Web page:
LR: Well I don’t know how ancient they are but over the years I’ve kept every instrument possible close at hand. The exploration part of music is deeply gratifying to me, at times I’ve had an accordion, recorders, a clarinet, saxophone, an Ude, a theremin, electric harpsichord, piano, guitars, mandolin, piano, uke, fiddle, banjos around the house. I think the variety helps keep my brain in that childlike state of discovery and wonder, that’s so vital for the creation process. On Bandita I play guitar, banjo, keys, and trumpet which became a really fun exercise in arranging and gave me some freedom to explore in the studio by myself.

tm: How does the creation of a song start for you? If you can, take me through a bit of that process…

LR: Most of the time things start with a guitar line. That comes the easiest for me and I spend a lot of mindless hours just plucking around on the instrument. Then, something comes that stirs my heart and I know to hold onto it and work from that point out. A melody usually comes next and lyrics often, last. For a while I was producing all these half written songs, because the beginning of something new is always more fun to work on then to sit with a piece that’s come to a sort of halt. When I was writing some of the pieces for Bandita I adopted this writing method of creating “a song in a day” where I couldn’t stop a session without finishing the damn thing. I came away with a few songs I was really happy with, including the lead of track, “Ashford”. A few years ago I began to think more about what kept me in a creative, open state of mind, and to make sure my days were structured around making that a priority. I find that state when I’m outdoors, up late, when I’m exposed to other beautiful art and when I’m alone, surrounded by instruments.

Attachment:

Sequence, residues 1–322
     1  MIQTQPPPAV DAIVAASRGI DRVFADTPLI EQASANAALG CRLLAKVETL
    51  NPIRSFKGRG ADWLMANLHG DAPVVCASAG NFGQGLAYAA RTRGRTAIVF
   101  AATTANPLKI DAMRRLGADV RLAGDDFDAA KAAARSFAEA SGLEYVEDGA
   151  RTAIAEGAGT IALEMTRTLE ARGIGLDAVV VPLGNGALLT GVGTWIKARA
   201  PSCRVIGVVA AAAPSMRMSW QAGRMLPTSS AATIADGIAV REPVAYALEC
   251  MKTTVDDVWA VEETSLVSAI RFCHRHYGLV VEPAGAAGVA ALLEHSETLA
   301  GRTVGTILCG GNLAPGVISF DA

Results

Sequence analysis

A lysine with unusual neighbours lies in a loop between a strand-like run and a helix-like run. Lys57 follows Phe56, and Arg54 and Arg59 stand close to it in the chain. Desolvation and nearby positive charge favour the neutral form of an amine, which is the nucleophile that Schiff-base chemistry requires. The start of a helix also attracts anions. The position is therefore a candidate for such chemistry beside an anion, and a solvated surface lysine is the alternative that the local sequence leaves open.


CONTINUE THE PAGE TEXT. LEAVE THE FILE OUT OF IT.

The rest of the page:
tm: What inspired the music video for your song, “Ghosts”?

LR: As I was writing the song I had pretty clear imagery of old timey, western scenery, along with this theme of opposites that are at the core of all human beings: good/bad, masculine/feminine, hard/soft, represented as black/white in the video. I wanted to portray this inner conflict as a commonality connecting us all. The eeriness of the music begged for something in a vast landscape where the imagination had some space to wander.

tm: You grew up in very much of a music family. You were surrounded by it. Obviously, now, music is your passion. But, when you were younger was there ever a time of musical rebellion? Not wanting to play?

LR: When I entered high school my parents pretty much told me I had to audition for choir and I was VERY against the idea. It seemed totally scary and also lame and I was not interested. But I gave it a chance and totally loved it. There have also been times when I first started playing guitar that I was super bashful about playing in front of people. Friends would want me to sing at a party or something and I always thought it was ridiculous that anyone would want to hear me play and sing and would just shrug and say, nah.

tm: If Lydia Ramsey was an action figure what accessories would you have?​

LR: Hmm, jet propelled black boots for flying, a banjo for general evil thwarting, (those things are indestructible) and a brass BANDITA belt buckle that emits sound waves so entrancing they convert any evil plot within a million billion miles into a plot of love.